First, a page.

In the city the population was spread out with 24.8% under the age of 18, 11.1% from 18 to 24, 29.6% from 25 to 44, 20.5% from 45 to 64, and 14.0% who were 65 years of age or older. The median age was 35 years. For every 100 females there were 93.0 males. For every 100 females age 18 and over, there were 89.9 males.

The median income for a household in the city was $32,273, and the median income for a family was $41,316. Males had a median income of $31,676 versus $24,833 for females. The per capita income for the city was $18,451. 15.9% of the population and 11.1% of families were below the poverty line. 19.3% of those under the age of 18 and 9.6% of those 65 and older were living below the poverty line.

Since February 2005 the Spokane metro area has seen an influx of new residents, drawn to the region by its natural beauty, its wealth of recreational activities, good weather, and its relatively low cost of living and vibrant job market. Spokane was #49 on the "Men's Journal" 2006 "50 Best Places to Live" list, [ [http://www.findarticles.com/p/articles/mi_qn4186/is_20050309/ai_n12945611] ] #5 on the "Forbes Magazine" 2005 "Safest Places to Live" list, [cite web | first = Sara | last = Clemence | title = Safety first: The best places to live in the U.S. | publisher = Forbes | work = MSNBC | date = August 30, 2005 | url = http://www.msnbc.msn.com/id/9131261/ | accessdate = 2007-08-31] and #35 on the "Inc. Magazine" 2005 "Top US Cities for Doing Business" list. [cite web | title = Overall Best Cities | publisher = Inc. Magazine | date = 2005 | url = http://www.inc.com/bestcities/2005/best.html?size=0&year=2005 | accessdate = 2007-08-31]


The City of Spokane operates under a Mayor-Council form of government, also referred to as "Strong Mayor." It switched to a Strong Mayor system in January 2001, after 40 years of running under a Council-Manager system. [cite web | title = City Government | publisher = City of Spokane | url = http://www.spokanecity.org/government/ | accessdate = 2007-08-31]

The current Mayor of Spokane is Mary Verner. She was formerly on the City Council for four years and became the new mayor on November 27, 2007 replacing Dennis P. Hession, who conceded on November 9th, 2007. Hession became mayor on December 16, 2005 after the recall of the late Jim West. The City Council consists of seven members: two elected from each of three districts, plus a president elected at large. The current City Council President is Joe Shogan.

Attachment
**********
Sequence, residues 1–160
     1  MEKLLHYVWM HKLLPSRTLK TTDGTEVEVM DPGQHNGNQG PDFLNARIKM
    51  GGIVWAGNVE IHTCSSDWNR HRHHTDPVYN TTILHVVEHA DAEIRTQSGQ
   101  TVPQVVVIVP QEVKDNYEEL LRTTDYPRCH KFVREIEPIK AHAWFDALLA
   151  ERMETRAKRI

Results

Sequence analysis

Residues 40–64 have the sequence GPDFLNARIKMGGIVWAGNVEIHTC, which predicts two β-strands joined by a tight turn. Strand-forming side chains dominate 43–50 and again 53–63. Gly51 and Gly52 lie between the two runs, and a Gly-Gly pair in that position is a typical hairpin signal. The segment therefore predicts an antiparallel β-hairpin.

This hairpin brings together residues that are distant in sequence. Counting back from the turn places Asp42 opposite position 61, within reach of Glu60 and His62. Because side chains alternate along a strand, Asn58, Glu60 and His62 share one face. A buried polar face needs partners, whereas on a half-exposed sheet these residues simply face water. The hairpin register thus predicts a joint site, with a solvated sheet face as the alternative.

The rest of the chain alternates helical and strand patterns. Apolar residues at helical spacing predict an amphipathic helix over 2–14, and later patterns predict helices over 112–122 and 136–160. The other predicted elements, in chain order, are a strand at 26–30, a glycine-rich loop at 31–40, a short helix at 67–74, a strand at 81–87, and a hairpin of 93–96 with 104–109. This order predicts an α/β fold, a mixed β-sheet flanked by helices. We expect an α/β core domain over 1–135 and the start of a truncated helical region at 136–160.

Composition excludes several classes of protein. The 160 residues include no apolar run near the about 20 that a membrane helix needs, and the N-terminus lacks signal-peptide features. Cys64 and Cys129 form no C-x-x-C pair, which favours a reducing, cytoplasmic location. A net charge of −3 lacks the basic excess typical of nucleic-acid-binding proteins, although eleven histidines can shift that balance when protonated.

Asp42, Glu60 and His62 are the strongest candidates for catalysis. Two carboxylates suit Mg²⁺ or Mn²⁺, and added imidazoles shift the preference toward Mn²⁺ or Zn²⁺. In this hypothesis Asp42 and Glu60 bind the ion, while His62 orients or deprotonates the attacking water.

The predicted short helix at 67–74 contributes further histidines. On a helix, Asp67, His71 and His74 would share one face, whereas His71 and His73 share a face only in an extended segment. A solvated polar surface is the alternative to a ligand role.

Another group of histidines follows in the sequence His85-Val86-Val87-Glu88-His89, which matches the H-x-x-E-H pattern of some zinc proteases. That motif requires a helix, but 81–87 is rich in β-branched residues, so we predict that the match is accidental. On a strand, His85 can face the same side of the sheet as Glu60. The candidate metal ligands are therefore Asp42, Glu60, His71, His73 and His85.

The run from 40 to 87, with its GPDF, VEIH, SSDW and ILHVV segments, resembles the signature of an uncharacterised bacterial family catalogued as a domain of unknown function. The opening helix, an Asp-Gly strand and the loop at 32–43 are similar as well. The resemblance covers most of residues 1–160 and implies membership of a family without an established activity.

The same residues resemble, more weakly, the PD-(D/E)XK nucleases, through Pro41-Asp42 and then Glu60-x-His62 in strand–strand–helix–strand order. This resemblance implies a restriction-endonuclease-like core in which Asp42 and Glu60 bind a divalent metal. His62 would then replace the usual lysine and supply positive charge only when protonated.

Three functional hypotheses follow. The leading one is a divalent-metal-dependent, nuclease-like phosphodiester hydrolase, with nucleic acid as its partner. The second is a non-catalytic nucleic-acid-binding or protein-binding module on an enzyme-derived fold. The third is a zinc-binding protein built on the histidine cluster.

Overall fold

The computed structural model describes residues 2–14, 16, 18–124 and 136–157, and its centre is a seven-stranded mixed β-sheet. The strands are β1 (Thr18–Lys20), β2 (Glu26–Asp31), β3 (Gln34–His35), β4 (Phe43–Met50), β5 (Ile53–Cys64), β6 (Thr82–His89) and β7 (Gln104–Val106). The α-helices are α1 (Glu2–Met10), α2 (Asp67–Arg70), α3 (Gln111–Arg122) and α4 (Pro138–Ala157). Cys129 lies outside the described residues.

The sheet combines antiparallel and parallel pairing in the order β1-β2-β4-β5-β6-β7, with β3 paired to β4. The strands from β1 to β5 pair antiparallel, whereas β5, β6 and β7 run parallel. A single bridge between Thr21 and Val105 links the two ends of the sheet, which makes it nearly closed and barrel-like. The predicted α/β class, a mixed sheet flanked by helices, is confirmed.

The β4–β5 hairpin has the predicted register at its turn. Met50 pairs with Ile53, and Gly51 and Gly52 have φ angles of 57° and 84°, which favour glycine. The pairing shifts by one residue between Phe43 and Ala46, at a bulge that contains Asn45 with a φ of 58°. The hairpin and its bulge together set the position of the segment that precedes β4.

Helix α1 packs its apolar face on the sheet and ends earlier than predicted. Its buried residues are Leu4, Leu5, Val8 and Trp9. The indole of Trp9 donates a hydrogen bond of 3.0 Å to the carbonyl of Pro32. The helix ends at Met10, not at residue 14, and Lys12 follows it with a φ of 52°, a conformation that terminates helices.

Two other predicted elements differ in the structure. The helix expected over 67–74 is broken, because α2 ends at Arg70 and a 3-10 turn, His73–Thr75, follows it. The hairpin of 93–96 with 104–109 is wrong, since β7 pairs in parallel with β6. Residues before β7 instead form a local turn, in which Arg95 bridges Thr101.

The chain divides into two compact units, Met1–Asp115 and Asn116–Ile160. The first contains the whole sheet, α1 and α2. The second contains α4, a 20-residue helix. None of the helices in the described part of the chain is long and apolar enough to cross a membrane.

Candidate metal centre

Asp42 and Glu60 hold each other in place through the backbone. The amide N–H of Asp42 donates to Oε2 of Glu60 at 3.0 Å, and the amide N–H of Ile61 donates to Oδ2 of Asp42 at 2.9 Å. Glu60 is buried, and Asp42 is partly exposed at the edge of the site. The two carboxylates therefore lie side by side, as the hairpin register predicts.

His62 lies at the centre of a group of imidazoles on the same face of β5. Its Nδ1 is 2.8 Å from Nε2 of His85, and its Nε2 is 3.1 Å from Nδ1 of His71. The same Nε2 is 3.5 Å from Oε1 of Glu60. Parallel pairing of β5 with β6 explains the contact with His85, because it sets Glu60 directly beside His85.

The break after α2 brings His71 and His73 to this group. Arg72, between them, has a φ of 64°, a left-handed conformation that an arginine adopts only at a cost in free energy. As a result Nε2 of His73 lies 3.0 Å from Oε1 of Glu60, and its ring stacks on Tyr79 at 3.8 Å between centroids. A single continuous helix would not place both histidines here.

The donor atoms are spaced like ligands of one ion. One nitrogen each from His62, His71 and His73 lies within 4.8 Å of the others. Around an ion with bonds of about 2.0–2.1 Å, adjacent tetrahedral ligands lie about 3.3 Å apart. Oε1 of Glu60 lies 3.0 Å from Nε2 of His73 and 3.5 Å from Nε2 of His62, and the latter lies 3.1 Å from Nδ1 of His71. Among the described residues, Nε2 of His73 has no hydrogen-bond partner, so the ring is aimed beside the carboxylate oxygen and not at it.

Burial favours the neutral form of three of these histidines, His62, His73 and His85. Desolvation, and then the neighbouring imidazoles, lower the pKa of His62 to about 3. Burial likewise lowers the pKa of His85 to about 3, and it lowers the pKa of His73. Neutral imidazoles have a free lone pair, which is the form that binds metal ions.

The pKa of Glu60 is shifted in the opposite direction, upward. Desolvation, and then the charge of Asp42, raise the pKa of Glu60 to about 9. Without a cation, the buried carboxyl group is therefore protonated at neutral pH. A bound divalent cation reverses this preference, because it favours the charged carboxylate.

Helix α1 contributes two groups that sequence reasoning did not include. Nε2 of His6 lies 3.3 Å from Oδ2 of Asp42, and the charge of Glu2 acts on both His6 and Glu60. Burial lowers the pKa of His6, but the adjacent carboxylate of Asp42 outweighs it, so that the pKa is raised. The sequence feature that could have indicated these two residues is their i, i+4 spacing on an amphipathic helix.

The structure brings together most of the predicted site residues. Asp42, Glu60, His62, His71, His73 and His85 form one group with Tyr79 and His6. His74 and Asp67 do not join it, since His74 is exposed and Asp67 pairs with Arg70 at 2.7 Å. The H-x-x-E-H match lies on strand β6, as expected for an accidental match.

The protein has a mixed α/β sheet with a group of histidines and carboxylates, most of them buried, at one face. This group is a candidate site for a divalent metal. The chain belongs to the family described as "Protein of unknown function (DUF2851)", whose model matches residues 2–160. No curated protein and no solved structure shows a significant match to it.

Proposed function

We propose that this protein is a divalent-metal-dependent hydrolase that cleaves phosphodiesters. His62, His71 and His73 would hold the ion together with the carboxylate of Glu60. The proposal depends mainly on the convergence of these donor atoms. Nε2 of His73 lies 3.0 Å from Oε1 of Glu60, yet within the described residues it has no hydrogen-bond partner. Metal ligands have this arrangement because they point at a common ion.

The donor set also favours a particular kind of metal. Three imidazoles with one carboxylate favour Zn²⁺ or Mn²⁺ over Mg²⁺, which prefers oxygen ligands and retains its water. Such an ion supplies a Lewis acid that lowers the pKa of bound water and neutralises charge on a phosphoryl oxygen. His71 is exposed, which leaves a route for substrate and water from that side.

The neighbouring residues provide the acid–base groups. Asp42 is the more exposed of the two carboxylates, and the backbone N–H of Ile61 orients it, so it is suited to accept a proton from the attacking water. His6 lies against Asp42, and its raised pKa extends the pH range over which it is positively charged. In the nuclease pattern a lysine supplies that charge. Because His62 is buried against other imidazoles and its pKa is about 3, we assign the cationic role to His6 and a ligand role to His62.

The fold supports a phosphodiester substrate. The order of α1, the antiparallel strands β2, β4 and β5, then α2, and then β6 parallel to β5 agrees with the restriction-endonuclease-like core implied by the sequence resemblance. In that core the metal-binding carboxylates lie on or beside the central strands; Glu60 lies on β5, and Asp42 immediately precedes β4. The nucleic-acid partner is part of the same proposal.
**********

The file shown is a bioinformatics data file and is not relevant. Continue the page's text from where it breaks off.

Spokane is in Washington's 5th congressional district, and is currently represented by 2nd-term Representative Cathy McMorris Rodgers (a Republican).

"See also:" List of mayors of Spokane, Washington


In the late 1800’s, gold and silver were discovered in the Inland Northwest. The area is now considered to be one of the most productive and reformed mining districts in North America. [ [http://www.spokanecity.org/services/about/spokane/history/economy/ City of Spokane - History - Economy ] ] Natural resources have traditionally provided much of the economic activity for the Spokane area, a major center for the timber, agriculture, and mining industries in the region. A number of manufacturing companies have located in Spokane, drawn by the easy access to raw materials and cheap hydroelectric power. Finished wood products, metal refinery and fabrication, and food processing are among the leaders in manufacturing. The outlying areas are part of an abundant agricultural system, providing a large amount of the nation's apples, peas, hops, pears, asparagus, lentils, soft wheat, and sweet cherries. A number of wineries and breweries also operate in the area. These industries continue to be important elements in the local economy, but in recent years the economy has diversified to encompass high-technology and service companies. Health-related industries employ more people than any other industry in Spokane. The city provides specialized care to many patients from the surrounding areas, as far north as the Canadian border. Spokane serves as the hub for the service industries, and the wholesale and retail trade center of the convert|80000|sqmi|km2|sing=on Inland Northwest region.

In part because Spokane is the largest city between Seattle and Minneapolis, tourism is also on the rise in the area. Downtown Spokane has become a shopping center of the inland northwest, with new malls such as River Park Square. Several ski resorts are located in the area, including world-class Schweitzer Mountain Resort in Sandpoint, Idaho and Silver Mountain Resort in Kellogg. Spokane also serves as a "base camp" for activities such as river rafting, camping, and other activities.

The educational services industry employed the most workers in 2002 with more than 17,000 jobs. [ [http://www.city-data.com/us-cities/The-West/Spokane-Economy.html Spokane: Economy - Major Industries and Commercial Activity ] ] Other productive industries include construction and mining, manufacturing, transportation, communication and networking utilities, finance, insurance, real estate, health care, and government. [ [http://www.spokanecity.org/services/about/spokane/history/economy City of Spokane - History - Economy ] ]